Afghanistan Reels From Two Deadly Attacks in Less than a Week

Children fleeing the compound targeted by gunmen in Jalalabad province. Photo courtesy of Zahra Joya. Used with her permission.

January has brought no shortage of sad news to Afghanistan after two attacks in quick succession shook citizens of the country.

On January 24 gunmen stormed the compound of international aid organization Save the Children in Jalalabad Afghanistan, killing three and leaving dozens wounded, according to Afghan officials.

That was less than a week after an assault by militants on the Intercontinental Hotel in Kabul left at least forty dead, highlighting the extreme dangers of living in the capital for Afghans and foreigners alike.

Save the Children attack

Save the Children's Jalalabad office was targeted on January 24 by a car bomb attack. After the explosion, gunmen exchanged fire with local Afghan forces for around ten hours.

Save the Children confirmed three of its staff members have been killed in the eastern region, including two guards and one civilian. An Afghan government spokesman Attaullah Khoygyani said 20 people were wounded. Afghan Security Forces rescued 46 others, he added.

The organization has temporarily suspended its Afghan operations.

The brutal militant group ISIS claimed responsibility for what it called an attack on “British and Swedish institutions”.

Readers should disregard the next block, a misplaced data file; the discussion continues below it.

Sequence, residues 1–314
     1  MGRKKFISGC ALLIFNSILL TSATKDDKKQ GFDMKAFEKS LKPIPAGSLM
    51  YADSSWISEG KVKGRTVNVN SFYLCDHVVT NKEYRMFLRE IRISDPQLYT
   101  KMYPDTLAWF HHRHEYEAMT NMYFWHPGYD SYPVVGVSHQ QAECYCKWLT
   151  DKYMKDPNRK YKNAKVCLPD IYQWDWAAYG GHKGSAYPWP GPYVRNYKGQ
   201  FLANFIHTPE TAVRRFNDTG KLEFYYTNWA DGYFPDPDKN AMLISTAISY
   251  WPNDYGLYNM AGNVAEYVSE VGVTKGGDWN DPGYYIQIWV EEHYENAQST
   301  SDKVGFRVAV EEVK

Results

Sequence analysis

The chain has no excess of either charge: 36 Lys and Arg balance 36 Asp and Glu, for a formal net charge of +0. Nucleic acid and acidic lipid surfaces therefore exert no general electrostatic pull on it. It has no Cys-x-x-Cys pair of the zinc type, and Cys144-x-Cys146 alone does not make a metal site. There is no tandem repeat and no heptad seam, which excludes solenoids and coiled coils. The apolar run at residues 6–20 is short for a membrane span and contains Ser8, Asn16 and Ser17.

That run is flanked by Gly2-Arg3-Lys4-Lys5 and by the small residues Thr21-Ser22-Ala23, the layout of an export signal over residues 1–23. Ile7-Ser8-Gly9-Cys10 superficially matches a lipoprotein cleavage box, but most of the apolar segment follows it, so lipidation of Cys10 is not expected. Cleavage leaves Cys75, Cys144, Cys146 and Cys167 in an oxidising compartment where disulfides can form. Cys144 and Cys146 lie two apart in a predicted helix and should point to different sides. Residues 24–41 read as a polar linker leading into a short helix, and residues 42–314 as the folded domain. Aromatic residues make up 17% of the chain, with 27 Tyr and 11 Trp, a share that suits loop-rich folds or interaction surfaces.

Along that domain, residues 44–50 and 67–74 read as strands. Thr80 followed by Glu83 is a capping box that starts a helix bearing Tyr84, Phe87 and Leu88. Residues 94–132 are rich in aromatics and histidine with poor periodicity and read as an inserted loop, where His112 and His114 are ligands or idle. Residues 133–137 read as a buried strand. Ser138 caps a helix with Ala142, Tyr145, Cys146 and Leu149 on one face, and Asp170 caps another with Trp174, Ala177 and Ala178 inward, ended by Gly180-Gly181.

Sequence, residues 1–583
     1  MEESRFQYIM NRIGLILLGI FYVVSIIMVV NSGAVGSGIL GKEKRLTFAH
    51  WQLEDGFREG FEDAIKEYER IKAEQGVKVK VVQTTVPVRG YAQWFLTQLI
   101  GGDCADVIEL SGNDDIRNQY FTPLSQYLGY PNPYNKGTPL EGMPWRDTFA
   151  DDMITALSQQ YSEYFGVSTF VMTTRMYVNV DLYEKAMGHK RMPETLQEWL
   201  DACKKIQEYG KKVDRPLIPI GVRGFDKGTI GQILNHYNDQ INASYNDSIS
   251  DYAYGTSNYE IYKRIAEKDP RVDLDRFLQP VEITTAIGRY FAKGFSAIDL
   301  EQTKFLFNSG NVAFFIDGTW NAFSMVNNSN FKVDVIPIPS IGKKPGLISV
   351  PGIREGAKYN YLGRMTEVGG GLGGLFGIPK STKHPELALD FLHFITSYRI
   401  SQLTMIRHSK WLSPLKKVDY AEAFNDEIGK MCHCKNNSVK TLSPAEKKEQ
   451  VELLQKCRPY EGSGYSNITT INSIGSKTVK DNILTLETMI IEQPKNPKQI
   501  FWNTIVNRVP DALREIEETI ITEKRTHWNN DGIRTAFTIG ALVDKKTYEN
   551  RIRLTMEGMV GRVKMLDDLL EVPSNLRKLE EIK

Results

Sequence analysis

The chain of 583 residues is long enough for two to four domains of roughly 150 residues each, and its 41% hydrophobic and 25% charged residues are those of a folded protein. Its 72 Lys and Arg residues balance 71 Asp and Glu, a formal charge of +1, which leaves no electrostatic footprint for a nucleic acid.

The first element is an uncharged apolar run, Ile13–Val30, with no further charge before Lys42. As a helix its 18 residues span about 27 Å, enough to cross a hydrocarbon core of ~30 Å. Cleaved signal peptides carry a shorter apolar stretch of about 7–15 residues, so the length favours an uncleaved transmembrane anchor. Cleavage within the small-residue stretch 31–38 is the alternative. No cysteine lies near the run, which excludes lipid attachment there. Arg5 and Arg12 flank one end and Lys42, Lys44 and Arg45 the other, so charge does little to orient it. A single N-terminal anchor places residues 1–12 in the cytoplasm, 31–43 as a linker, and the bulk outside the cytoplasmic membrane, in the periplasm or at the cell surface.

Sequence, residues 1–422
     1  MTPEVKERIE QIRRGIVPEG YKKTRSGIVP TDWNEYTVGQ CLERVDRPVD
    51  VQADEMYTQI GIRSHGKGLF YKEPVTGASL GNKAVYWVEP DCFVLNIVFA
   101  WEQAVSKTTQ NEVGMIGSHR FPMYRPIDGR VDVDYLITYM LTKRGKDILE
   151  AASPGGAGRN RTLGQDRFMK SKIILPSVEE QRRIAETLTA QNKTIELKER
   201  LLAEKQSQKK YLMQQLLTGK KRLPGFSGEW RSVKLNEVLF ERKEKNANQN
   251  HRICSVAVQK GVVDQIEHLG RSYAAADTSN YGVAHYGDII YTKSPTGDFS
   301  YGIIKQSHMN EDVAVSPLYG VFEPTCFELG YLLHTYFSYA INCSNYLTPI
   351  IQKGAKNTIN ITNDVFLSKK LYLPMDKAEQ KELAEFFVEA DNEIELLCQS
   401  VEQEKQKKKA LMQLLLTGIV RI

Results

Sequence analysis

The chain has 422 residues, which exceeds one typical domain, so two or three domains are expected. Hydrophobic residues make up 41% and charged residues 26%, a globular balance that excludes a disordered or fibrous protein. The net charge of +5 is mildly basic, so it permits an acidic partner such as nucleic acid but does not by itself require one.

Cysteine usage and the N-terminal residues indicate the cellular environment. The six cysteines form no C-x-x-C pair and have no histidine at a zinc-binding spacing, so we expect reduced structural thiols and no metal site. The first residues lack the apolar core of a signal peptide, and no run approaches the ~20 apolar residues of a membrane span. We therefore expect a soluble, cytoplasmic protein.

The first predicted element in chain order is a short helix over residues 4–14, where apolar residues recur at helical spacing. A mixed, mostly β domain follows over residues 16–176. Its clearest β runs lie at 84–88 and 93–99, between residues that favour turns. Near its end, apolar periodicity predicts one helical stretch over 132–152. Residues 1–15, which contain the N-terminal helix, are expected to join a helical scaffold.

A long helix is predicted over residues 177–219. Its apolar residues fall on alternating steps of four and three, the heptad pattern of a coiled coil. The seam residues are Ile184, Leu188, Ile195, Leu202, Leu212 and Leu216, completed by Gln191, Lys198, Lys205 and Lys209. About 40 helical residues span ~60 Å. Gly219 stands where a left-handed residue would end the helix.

While the attack on the Intercontinental bore more casualties, even citizens used to seeing their timelines flooded by violence were shocked by the attack on a children's charity.

The January 20 attack on the Intercontinental, in turn, saw insurgents spray residents of a luxury hotel in the capital Kabul, leaving 25 local citizens and 15 foreigners killed. Survivors’ accounts are harrowing.

The attack was claimed by the Taliban.

In recent years, International aid agencies have been constantly targeted by various groups that fight against the embattled Afghan military across the country. As a result, many have been closed or downsized, leaving vulnerable Afghans at risk. Last year, the International Committee of the Red Cross reduced its presence after many its staff members were killed and kidnapped in different parts of Afghanistan.

The limitations Save the Children will impose on their future activities in the country are not yet known, but their mission is certainly necessary. Afghanistan is considered among the most dangerous places for children to be born and grow up following three decades of conflict that have entrenched poverty and violence.

Save the Children has been operating in Afghanistan since 1976, and currently runs programs across 16 provinces in the country. The aid organization, which aims to promote better education, healthcare and provision of essential supplies to children, said it has reached out more than 700,000 Afghan children during its time in the country.

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